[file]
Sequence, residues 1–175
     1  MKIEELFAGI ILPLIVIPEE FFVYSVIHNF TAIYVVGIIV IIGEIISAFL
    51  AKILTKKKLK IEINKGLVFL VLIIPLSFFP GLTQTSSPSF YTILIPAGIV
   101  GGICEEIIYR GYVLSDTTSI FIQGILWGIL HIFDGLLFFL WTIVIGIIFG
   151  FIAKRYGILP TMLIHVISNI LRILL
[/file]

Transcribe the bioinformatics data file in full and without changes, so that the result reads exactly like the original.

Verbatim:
Sequence, residues 1–175
     1  MKIEELFAGI ILPLIVIPEE FFVYSVIHNF TAIYVVGIIV IIGEIISAFL
    51  AKILTKKKLK IEINKGLVFL VLIIPLSFFP GLTQTSSPSF YTILIPAGIV
   101  GGICEEIIYR GYVLSDTTSI FIQGILWGIL HIFDGLLFFL WTIVIGIIFG
   151  FIAKRYGILP TMLIHVISNI LRILL